Being smart with your layout and design will help with this. Your page should be easy to skim so that you leave a lasting impact ad don't overwhelm visitors with information.

Elements like bento grids, FAQs and tabs are a good way to condense information and highlight different aspects of your product/ service.

(Example from Semrush)

Avoid intrusive cookie banners

It's required in almost every case for your website to have a cookie banner, but that doesn't mean it needs to be intrusive and act as a blocker to your lovely landing page.

An intrusive cookie banner can be an off-putting first experience on a landing page and can mean your efforts will be wasted. The only solution for it is to make sure you have a user-friendly cookie banner that doesn't create a disjointed experience.

(Example from Birdie)

Key elements of a landing page

1) Hero

The goal of your hero is to hook the visitor and keep them from bouncing.The best things to include in your hero to achieve this are:

  • Headline centred around your value proposition

  • social proof (ratings, logos, awards)

  • graphics (product mockups, custom photography, not obvious stock imagery)

  • CTA (action orientated)

Your hero is the make or break for your landing page. It's how someone decides whether to stay and learn more or bounce. 

Make the most of the opportunity with a snappy headline that is centred around your value prop, clear and appealing CTAs and trust signals. Ideally include an impactful graphic that demonstrates what the product does (with some animation if you have the budget!)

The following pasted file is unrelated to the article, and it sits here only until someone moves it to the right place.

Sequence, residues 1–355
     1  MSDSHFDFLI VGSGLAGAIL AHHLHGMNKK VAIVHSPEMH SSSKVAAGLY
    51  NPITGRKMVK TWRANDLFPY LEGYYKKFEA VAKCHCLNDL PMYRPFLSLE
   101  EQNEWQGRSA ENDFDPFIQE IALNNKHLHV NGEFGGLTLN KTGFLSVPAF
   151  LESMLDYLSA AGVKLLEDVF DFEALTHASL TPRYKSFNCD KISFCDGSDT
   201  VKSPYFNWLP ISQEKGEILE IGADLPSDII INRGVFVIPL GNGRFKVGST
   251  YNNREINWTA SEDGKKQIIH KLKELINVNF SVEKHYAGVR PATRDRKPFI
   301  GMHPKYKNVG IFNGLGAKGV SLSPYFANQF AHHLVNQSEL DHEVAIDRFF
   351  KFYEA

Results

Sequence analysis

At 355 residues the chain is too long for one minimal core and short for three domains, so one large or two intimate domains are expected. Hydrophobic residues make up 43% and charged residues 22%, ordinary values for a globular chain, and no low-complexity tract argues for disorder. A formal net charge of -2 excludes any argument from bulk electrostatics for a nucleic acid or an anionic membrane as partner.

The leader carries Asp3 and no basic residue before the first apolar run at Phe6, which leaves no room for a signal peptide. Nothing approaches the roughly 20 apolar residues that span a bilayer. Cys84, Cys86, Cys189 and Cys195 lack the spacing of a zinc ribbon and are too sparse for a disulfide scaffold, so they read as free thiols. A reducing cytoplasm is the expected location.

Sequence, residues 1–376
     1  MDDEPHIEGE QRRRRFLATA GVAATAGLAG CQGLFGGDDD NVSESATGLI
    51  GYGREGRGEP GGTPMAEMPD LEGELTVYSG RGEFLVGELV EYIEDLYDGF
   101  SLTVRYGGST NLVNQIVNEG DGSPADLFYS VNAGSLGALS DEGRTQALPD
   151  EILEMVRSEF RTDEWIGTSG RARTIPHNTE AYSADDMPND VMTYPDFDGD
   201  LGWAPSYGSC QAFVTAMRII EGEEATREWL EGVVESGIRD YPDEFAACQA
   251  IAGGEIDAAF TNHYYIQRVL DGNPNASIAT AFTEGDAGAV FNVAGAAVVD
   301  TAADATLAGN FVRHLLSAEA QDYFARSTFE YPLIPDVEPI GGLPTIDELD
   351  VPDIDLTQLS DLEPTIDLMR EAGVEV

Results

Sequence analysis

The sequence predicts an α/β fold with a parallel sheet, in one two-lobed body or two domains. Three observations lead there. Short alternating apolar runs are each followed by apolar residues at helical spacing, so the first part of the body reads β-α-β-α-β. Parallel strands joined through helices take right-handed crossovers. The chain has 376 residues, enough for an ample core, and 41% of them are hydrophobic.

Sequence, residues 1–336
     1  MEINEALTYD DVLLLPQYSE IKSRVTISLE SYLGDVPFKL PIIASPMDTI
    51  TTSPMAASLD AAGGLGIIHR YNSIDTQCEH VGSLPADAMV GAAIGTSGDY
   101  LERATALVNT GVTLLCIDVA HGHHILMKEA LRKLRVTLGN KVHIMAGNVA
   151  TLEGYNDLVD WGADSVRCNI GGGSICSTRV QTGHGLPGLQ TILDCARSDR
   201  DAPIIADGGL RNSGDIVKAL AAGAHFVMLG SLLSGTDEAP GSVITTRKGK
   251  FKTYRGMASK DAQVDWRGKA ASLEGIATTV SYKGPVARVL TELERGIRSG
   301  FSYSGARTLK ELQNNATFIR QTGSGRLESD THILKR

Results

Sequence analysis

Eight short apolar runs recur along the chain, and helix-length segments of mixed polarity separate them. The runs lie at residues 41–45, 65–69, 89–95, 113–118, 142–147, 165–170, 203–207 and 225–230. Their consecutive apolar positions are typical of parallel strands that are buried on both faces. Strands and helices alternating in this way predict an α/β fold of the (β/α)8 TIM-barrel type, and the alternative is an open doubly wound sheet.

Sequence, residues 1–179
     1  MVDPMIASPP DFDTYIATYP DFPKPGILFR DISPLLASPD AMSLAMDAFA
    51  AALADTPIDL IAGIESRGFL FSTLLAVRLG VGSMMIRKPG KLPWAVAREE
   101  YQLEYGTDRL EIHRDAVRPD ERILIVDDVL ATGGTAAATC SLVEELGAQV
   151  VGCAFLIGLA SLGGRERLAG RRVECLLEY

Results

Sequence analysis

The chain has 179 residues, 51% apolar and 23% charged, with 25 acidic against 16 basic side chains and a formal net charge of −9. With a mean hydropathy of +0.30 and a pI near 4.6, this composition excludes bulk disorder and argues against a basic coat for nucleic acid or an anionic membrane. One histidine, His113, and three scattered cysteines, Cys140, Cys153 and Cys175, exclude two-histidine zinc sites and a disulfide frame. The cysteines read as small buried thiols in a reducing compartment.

This example from Hotjar does a great job of hitting on the pain points of their prospects in their copy, uses animation to visualise the product, includes ratings from popular platforms and a clear and direct CTA to sign up for free (even reducing friction with the option to sign up with Google.)

(Example from Hotjar)

2) Form

Odds are, with a landing page, you'll be wanting to collect some emails.

With your lead capture form, it's best to keep things lean and reduce friction as much as possible. Only include the form fields necessary for someone to enter the funnel, and maybe provide a brief explanation of why you need the information if they are a bit more obscure.

Also make sure your CTA is something logical, it can of course be smart but just make sure it's on topic and clear what happens when they submit.

(Example from Prismic)

3) Product/ service overview

It's always best to let people in on the secret and let them get a sneak peek of your product. By highlighting key features and the benefit they hold, you can demystify your product so your prospect has a better idea of what to expect from signing up.

Accompanying product overviews with video or imagery boosts the prospect's understanding of your product because they don't have to imagine it for themselves, so aim to incorporate these assets where possible!

(Example from Hotjar)

4) Social proof

Whether it's someone's first visit to your site or their tenth, you should always still be including social proof at any opportunity.

Social proof can come in the form of customer quote and reviews, scores and ratings, industry awards, logos or even just the number of people or companies using your service!

(Example from Xero)

5) CTAs

What's a landing page without a call to action. It's best to have CTAs dotted throughout your page and maybe have your own dedicated CTA section like Hotjar have done here with a summary of key benefits.

Things like no credit card required and free forever are particularly appealing and help reduce friction, encouraging more people to sign up.